The Great Reset
The technocratic world is upon us. We have graduated from the old ways of developing communities in a person-to-person manner and within natural environments, to developing communities in a technological manner, on a global and technocratic scale. This modern “advancement” would have likely been looked at as magical by our ancestors. Demonic, though, is probably more of the description many of them would have had. There are many reasons why they might have thought this, one of which I would like to discuss in this article. This involves the subject of labor and how it relates to God’s calling for our souls. How does the modern shifting of labor affect community and the way we live as Christians? Does God really call us to labor?
The Slippery Slope
The saints have spoken throughout the ages of how labor is good for the soul. Labor. Physical labor! But first, let’s briefly qualify (physical) labor. Although the vast majority of labor is physical in one sense or another, it simply cannot all be related to things like farming, construction, etc. All labor does indeed involve our interaction with the natural world…creation. This is a slippery slope within the technocratic world. For instance, the beauty of parchment with specially mixed inks from an ink fountain is no longer a part of our society…and even that might have been a compromise to some in the middle ages. The Christian worldview was extremely oral and communal for the first thousand years or so. Most things were taught person to person. Those that did take up the pen were often called by God as hermits and ascetics, people that could experience the “off grid” life, as we might call it today.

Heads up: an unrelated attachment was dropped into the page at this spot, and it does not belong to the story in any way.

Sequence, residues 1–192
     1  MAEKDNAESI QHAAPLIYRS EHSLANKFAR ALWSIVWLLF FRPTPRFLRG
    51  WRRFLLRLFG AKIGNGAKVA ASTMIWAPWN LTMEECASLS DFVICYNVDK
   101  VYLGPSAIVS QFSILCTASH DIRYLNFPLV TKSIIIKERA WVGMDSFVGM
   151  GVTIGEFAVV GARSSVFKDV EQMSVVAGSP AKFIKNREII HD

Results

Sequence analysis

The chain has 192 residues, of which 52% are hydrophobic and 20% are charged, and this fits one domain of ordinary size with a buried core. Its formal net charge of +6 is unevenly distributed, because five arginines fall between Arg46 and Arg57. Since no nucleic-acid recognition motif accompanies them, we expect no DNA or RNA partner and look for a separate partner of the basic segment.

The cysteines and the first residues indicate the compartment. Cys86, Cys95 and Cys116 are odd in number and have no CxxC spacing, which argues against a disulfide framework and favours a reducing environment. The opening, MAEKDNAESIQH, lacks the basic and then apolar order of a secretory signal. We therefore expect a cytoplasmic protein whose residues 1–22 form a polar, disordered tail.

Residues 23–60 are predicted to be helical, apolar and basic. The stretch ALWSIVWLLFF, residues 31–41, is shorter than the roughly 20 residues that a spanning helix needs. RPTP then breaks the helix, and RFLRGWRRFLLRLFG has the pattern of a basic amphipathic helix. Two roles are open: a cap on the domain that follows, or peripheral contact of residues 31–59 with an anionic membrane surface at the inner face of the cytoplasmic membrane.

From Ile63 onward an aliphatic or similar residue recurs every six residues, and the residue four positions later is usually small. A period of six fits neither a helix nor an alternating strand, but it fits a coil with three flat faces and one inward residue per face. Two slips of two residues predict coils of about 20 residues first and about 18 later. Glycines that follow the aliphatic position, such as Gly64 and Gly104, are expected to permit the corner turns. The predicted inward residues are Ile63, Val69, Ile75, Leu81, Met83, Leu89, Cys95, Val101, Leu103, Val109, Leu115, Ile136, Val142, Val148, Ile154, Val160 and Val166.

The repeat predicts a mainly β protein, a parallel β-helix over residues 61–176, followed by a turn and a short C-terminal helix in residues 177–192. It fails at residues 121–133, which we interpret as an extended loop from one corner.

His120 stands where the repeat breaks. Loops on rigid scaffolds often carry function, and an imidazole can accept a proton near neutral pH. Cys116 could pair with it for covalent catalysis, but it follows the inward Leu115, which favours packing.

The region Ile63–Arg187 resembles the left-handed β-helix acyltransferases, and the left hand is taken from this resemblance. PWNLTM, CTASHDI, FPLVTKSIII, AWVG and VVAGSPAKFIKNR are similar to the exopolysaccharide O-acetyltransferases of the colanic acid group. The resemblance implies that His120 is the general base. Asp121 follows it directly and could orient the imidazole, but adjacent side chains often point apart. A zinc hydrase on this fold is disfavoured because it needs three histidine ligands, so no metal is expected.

Nevertheless, this old world is gone, for the most part. Most of modern society has no desire to go “backwards” as many call it, and embrace the agrarian, “hunter-gatherer” lifestyle of the old. Technology is taking over almost every single aspect of our lives, and it has come to a point of what looks like a swift draft into a new demonic environment where only those who participate in the technology will be able to buy and sell and thus survive.